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Secondhand Smoke (cont.)

Secondhand Smoke and Breast Cancer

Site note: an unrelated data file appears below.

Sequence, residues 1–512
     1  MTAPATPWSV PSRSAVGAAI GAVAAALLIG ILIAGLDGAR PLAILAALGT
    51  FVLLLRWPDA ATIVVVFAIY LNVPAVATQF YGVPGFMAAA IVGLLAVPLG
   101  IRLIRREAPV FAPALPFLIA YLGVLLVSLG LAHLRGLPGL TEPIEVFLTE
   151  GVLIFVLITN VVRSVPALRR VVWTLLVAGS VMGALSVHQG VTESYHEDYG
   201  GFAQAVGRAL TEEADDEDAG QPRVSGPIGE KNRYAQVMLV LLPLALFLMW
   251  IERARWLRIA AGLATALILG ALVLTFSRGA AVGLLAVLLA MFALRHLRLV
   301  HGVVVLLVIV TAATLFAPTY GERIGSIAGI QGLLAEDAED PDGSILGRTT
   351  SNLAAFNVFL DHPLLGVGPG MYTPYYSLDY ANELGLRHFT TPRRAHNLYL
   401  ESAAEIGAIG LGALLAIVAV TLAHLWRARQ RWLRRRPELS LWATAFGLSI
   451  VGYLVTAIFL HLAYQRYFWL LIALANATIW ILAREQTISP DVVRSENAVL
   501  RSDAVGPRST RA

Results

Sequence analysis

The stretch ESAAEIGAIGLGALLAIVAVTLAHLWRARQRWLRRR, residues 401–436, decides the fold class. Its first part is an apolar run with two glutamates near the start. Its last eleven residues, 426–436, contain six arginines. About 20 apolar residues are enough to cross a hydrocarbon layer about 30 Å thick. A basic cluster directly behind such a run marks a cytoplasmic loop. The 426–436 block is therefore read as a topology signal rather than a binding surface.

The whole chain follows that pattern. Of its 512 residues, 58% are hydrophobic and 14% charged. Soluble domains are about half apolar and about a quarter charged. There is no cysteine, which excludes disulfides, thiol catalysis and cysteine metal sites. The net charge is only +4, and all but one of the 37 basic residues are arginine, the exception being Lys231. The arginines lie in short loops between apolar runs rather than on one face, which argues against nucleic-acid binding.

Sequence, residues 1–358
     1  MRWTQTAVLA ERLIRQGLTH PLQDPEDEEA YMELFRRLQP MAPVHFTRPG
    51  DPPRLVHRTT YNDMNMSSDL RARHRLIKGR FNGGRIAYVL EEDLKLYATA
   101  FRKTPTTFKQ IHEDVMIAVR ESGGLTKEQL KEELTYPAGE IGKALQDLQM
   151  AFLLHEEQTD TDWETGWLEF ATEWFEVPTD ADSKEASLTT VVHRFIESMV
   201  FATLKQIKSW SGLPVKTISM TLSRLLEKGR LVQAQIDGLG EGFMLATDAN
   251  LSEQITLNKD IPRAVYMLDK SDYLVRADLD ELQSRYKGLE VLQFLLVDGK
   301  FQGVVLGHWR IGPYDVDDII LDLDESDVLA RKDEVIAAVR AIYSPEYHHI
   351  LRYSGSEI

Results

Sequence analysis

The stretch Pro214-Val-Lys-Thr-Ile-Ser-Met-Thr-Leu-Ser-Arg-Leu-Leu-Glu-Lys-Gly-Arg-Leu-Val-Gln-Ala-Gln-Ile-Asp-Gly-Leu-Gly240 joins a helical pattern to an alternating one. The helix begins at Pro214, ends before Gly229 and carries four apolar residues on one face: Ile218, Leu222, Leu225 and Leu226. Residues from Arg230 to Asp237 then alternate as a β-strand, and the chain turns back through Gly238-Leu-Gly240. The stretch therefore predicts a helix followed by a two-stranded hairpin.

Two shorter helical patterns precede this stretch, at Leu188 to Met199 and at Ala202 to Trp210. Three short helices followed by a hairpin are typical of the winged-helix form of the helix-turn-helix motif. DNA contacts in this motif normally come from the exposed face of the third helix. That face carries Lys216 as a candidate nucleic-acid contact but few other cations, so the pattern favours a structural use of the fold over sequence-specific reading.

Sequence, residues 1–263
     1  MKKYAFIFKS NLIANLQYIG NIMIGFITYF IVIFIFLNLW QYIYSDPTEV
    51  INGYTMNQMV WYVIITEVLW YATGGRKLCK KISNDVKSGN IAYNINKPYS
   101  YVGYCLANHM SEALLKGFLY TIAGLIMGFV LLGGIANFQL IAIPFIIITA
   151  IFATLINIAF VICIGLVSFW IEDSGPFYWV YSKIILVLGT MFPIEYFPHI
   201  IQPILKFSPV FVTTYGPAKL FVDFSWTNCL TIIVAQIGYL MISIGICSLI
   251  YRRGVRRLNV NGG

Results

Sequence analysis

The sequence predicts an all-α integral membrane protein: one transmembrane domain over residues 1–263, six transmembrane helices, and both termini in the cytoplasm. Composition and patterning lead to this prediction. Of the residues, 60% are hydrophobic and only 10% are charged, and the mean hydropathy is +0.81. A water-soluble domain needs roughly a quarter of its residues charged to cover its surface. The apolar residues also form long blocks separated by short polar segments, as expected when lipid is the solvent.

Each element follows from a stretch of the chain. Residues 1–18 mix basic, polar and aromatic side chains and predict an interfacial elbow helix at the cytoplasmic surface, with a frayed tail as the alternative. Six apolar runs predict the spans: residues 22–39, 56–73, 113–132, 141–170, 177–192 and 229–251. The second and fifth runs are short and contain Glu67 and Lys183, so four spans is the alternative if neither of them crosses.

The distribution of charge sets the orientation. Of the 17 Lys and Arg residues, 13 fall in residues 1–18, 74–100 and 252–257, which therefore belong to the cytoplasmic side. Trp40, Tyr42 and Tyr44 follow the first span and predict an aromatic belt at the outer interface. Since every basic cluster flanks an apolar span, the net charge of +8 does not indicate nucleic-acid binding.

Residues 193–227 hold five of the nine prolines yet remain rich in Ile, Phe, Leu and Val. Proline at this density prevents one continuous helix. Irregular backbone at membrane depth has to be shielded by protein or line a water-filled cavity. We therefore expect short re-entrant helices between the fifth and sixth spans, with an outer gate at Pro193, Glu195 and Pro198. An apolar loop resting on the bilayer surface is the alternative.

Even though breast cancer rates are not known to be increased in active smokers, some research points to a possible effect of passive smoke on breast cancer development. Tobacco smoke does contain chemicals that have been shown to cause breast cancer in animal models. It is also known that chemicals from tobacco smoke are able to accumulate in breast tissue and breast milk. Whether secondhand smoke actually increases the risk of breast cancer has not been conclusively determined, but the U.S. Surgeon General's report concluded that there is "suggestive but not sufficient" evidence of a link in 2006.

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